Monday, June 7, 2010

Andy Beach explains, "What the heck is H.264 SVC?"

Last month at Streaming Media East 2010, I caught up with Andy Beach, Chief Evangelist at Seawell Networks and author of Real World Video Compression, and asked him to explain, "What the heck is H.264 SVC?" Andy was at Streaming Media East to promote the release of Seawell Networks' Lumen 1000, a turnkey appliance for encoding H.264 scalable video coding (SVC) streaming video across multiple platforms. This was SeaWell's first product announcement following a $7 million in Series A funding announcement earlier in the year.

Scalable Video Coding (SVC) is a new extension of the H.264/MPEG-4 AVC video compression standard that enables multi-platform and adaptive streaming from a single file. Andy explained that existing adaptive bit rate technologies creates multiple files that enhances the viewing experience. Yet it puts a real burden on the infrastructure, and increases the workload and cost of content creation, storage and delivery. But with SVC, instead of producing separate streams, the SVC encoder converts the source into layers in an "encode once serve many" model. The SVC stream is comprised of 3 dimensions – clarity, spatial, and temporal layers and each layer adds information to the lower layers, rather than just duplicating information into multiple bit rates.

According to Andy,
"This allows big content producers creating a wide range of content to deploy more content out on network, because you can spend less time creating each individual file that you want to deliver."

The Lumen 1000 is a transcoding appliance that converts the source video into layers, starting with a base layer that contains the lowest level of quality, and is backwards compatible with existing H.264 players. In addition to the base layer, the encoder also creates enhancement layers that contain video quality, size/resolution, and frame-rate information. This allows multiple bit rates to be derived from a single file with a little headroom of only 10 to 20% larger than the highest bit rate required. SeaWell says that content owners encoding with the Lumen 1000 will see a 50-70% reduction in storage needs over current multi-bitrate encoding solutions.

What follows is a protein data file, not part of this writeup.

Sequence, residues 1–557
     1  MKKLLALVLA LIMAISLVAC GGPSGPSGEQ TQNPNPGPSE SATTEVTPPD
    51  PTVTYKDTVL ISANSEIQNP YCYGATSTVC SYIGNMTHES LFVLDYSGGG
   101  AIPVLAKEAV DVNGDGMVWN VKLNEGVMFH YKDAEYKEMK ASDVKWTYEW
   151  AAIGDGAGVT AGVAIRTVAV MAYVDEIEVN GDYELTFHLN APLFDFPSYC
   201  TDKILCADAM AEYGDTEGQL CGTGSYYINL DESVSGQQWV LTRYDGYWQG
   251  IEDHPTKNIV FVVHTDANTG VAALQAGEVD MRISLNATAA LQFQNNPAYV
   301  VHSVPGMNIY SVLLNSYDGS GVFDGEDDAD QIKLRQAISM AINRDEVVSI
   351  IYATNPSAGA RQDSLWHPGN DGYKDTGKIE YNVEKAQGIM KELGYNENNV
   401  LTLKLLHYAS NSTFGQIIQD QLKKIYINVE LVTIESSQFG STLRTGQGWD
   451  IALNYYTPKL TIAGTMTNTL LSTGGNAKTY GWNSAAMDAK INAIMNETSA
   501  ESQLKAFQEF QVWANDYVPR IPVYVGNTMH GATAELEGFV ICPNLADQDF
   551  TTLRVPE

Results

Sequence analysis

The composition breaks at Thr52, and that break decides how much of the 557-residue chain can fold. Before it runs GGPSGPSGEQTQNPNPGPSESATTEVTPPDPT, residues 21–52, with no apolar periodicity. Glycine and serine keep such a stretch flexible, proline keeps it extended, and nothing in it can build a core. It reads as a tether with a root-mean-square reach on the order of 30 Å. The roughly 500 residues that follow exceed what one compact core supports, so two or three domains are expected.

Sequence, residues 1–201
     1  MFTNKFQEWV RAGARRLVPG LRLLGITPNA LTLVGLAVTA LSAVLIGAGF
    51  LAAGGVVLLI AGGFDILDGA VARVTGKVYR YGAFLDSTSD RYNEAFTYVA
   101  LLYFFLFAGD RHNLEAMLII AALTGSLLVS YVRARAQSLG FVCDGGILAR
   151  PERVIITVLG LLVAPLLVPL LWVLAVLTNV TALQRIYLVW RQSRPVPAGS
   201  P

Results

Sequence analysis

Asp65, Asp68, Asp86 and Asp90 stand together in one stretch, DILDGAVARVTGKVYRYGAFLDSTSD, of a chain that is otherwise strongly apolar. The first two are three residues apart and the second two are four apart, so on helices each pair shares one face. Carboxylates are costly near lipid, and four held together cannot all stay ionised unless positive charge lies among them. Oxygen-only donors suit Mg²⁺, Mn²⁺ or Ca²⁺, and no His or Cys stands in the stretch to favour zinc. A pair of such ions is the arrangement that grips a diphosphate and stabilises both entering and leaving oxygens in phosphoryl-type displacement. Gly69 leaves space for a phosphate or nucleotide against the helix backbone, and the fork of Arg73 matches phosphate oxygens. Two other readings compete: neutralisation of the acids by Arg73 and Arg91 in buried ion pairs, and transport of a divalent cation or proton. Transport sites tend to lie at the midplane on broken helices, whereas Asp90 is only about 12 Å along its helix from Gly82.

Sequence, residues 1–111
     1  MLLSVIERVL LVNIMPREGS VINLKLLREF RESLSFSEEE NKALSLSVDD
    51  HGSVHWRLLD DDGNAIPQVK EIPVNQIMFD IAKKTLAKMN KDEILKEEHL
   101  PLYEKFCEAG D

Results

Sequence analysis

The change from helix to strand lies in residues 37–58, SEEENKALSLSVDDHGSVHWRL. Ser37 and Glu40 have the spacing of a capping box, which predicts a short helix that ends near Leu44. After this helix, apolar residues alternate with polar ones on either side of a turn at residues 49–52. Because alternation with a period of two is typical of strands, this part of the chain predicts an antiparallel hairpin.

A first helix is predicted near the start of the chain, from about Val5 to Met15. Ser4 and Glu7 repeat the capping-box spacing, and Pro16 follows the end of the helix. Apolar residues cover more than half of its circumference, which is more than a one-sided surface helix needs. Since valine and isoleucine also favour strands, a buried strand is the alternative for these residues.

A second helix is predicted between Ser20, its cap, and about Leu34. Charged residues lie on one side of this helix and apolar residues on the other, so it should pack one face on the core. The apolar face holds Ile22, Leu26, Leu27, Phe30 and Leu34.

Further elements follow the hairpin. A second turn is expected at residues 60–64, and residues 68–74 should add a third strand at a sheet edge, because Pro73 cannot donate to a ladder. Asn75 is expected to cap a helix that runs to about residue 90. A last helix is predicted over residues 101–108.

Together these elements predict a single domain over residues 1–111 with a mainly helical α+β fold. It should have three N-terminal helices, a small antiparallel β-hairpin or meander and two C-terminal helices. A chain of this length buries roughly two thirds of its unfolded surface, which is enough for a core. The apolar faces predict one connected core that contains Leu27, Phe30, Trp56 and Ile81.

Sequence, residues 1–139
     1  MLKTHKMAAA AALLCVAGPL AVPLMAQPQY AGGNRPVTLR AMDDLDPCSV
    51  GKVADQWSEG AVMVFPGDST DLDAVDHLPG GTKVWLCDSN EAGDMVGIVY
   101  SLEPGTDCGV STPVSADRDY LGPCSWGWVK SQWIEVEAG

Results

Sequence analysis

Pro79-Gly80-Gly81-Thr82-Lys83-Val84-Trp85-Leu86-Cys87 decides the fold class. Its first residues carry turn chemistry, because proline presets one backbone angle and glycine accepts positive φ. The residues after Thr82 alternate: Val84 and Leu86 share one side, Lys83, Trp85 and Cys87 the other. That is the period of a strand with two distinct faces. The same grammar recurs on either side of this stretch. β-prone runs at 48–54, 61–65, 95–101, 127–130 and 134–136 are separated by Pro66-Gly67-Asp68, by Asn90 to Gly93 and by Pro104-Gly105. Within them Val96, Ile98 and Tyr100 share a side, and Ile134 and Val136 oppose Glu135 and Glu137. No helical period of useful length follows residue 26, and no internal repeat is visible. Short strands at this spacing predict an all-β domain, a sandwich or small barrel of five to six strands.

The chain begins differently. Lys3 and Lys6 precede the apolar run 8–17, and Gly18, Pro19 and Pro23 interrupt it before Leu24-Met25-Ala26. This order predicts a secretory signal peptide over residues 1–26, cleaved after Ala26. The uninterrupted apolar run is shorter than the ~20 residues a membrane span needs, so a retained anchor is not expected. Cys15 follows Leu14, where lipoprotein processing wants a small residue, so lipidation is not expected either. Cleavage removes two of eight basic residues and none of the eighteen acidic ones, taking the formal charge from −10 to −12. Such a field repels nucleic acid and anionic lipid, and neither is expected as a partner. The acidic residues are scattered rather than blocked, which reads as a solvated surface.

Andy says we're in the early days of SVC adoption. It's a new standard that is just starting to come into its own this year, but we'll hear a lot more about later in the year and it's really going to blow out next year. Current SVC deployments can be found primarily in the videoconferencing space powering products like Google video chat and Cisco TelePresence. While the media and entertainment world has not yet embraced SVC as a playback option – they are paying attention.

Glenn Goldstein, vice president media technology strategy, MTV Networks had this to say:
"With the rise in demand for premium content to be available across multiple platforms, the industry needs an approach that can efficiently target appropriate quality to a range of devices with a wide variety of computing capabilities, and be able to adapt smoothly to variable network conditions. SVC’s scalable single-encode approach looks promising for addressing these problems in a more efficient manner than the current multi-bitrate multi-encode technique used by much of the industry.”
SeaWell will continue to bring more new SVC products to market and some may even have a software component. For now though, the company is excited to be launching the first SVC video streaming solution.

About SeaWell Networks
SeaWell Networks Inc. is a provider of Internet video delivery products designed for use by content producers and their content delivery partner organizations. SeaWell combines video compression standards and network level intelligence to uniquely create and deliver a high-quality viewing experience online while significantly reducing the cost of distribution. For more information see